Florida Could Ban Plastic, Paper Bags

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A proposed ban in Florida is calling for all disposable paper and plastic bags to be permanently phased out over the next five years, encouraging to use of reusable bags.

While Miami news station WPLG reports that this move could benefit the environment as Floridians use an estimated 5 billion disposable bags per year, this legislation could cost residents extra cash as well.

Photo: Amanda Wills, Earth911.com

According to the EPA, about 12 percent of plastic bags and wraps were recycled in 2007. Photo: Amanda Wills, Earth911.com

Earlier this month, the Department of Environmental Protection released its “Retail Bags Report” draft. According to the report, the phase-out would start with public education, graduated fees, followed by a total ban on the bags at all retail stores.

“The greatest concern I have, as to how it would relate to that, would be how it would impact our environment,” says Gov. Charlie Crist as reported by WPLG. “It’s hard to grow up in Florida and not care about our beauty.”

Other cities, including Seattle, San Francisco and Los Angeles have debated both plastic bag bans and taxes, but Florida would be the first state to outlaw both disposable materials.

According to the American Chemistry Council, about 89 billion plastic bags, sacks and wraps are used each year in the U.S. while Americans use an estimated 10 billion paper bags.

During production, plastic bags generate 50 percent less greenhouse gas (GHG) emissions, require 70 percent less energy and produce 80 percent less waste than their paper alternatives. However, because of their light weight, many curbside recycling programs do not accept plastic bags or film. And while brown paper bags are recyclable, only 10 to 15 percent are returned for recycling.

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  1. If the stores no longer have to absorb the cost of the bags will the prices I pay for my groceries go down. I would bet my house that it won’t. Just another source of income for Publix, Walmart or whomever. Yeah environment, when am I going to see the cost savings?

  2. Let’s hope they supply reusable bags made in the U.S., otherwise billions of bags being shipped to L.A. then trucked to Florida is going to cancel out half of the environmental benefits.

  3. I think that people can make their own reusable bags with old clothes they don’t want any more and by learning a little bit of sewing. It can actually be pretty fun.

    Also, though not real cheap, rawganique.com sells 100% organic hemp and organic cotton reusable bags that are made in USA and Canada.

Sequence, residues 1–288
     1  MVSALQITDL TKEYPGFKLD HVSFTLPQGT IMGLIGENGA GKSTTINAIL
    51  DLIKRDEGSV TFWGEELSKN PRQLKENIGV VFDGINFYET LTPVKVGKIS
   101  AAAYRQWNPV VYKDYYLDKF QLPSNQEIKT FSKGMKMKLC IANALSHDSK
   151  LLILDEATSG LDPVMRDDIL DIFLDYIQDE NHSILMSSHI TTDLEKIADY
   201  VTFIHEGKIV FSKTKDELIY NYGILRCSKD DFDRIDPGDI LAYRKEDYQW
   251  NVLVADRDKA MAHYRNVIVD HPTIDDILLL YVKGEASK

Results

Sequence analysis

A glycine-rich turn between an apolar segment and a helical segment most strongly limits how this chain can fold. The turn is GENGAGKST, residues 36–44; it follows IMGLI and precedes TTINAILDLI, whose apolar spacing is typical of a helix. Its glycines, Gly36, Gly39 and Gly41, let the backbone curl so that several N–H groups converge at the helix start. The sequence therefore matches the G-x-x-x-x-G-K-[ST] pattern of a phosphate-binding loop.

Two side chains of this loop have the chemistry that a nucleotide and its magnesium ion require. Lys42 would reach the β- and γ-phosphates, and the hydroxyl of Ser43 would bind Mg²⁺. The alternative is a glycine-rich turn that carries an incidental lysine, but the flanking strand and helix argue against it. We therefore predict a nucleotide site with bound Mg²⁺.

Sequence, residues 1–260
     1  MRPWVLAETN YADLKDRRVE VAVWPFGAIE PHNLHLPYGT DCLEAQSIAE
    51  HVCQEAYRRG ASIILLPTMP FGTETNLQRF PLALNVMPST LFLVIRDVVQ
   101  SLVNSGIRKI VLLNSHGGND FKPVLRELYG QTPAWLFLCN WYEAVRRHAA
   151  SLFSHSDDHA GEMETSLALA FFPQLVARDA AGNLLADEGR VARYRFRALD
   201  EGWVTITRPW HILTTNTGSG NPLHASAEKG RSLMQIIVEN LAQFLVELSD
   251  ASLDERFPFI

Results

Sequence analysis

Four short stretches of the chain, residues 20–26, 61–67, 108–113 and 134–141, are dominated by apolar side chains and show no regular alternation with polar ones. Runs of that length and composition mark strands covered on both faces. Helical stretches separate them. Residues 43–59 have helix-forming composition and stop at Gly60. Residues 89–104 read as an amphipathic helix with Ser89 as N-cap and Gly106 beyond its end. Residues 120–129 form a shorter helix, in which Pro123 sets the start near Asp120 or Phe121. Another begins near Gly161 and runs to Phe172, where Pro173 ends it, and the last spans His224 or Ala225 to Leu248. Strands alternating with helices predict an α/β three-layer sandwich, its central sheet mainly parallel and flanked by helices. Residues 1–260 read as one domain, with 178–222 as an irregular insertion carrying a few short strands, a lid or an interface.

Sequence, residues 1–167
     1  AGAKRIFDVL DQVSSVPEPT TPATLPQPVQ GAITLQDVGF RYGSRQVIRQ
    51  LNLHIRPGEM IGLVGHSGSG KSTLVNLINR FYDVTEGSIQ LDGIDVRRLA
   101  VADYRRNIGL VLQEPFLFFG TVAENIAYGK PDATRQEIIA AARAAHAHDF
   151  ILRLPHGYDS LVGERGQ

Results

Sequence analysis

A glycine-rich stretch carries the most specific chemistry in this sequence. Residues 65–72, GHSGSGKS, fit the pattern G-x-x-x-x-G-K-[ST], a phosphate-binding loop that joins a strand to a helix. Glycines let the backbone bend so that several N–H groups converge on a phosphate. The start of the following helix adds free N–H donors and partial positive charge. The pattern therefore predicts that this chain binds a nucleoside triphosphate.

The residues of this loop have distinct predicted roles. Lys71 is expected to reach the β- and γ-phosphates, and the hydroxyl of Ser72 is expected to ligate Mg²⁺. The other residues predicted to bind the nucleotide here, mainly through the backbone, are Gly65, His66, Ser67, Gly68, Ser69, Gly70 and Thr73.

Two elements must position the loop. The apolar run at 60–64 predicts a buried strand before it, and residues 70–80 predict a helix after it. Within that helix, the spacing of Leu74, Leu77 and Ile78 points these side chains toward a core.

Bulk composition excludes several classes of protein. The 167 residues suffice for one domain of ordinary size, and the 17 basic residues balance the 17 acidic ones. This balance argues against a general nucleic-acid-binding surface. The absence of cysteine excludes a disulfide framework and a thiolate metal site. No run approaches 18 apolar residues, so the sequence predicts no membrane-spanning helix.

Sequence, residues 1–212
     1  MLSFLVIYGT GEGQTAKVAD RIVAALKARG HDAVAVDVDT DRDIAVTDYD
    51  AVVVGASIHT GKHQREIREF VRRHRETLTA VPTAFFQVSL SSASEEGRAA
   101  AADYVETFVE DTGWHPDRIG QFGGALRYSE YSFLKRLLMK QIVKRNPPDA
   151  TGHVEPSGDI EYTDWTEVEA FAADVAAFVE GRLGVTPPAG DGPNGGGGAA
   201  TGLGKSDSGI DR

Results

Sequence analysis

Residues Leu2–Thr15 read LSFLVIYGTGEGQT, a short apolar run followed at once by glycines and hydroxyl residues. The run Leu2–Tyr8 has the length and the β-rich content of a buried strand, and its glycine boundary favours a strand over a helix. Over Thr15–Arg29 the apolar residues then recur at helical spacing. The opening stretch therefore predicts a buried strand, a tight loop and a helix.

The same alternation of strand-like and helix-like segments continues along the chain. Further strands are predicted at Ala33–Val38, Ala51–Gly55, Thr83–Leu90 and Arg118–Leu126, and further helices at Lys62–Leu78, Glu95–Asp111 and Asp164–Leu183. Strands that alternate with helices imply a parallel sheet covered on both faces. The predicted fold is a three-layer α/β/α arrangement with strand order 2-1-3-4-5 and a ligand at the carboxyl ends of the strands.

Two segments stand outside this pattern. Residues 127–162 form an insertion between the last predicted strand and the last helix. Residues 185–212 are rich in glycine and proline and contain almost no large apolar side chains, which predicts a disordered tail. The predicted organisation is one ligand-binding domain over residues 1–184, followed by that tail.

To those worried about money vs. helping the environment: When things get horrible, when our air becomes dangerous to breathe, when we are walking on trash, when our food is poisoned by chemicals, when we run out of drinkable water, and at the same time are flooded because of global warming… look your children, or any child or teenager, in the eyes. We you be able to tell them you didn’t do all you could to help stop this because you wanted to save money?

  4. I’m sorry, the bags at rawganique.com are made in europe. I knew I should have made sure, but I could have sworn everythning there was made in USA or Canada!

    They’re still nice… and you can always make your own!

  5. I usually use the food store cloth bags instead of plastic or paper. However there is a food store that uses a stronger plastic bag and it is a #2 plastic the store is Wegmans.

  6. this may not be such a bad idea. Alot of the plastic floating in the ocean is ohhh lets see, bags. I think everyone should quit using plastic bags and get re-usables. I converted and the outcome has been awesome. for starters, I can fit more in these bags. Less trips from the trunk to the house. No more groceries falling through the bags. And this is really helping the enviornment little by little. Walmart will take any plastic grocery bags back to be recycled if your curbside service won’t pick it up, Also try your nearest drive-through recycling center.

  7. Looks like the consciousness of the planet is changing just in time to save it. I’ve noticed there has been a sea change just in the last year or two. Sometimes, what we see as a bad thing, like higher gas prices, is only pushing us in the way we should go. With a little adjustment, we can turn this thing around. An example of the way all things environmental is catching on: this year there was a world wide shortage of red worms because suddenly everybody was interested in vermi-composting. There may be hope for us after all.

  8. To those worried about the dog poop dilemma… Dog poop can be picked up with a dog poop scoop. They have some with long handles so that you don’t even have to bend over. It looks like a couple of claws on a long stick. When you get home, rinse it off with the water hose and leave it somewhere outside to air out (somewhere not visible on the side of the house by the trash cans, for example).

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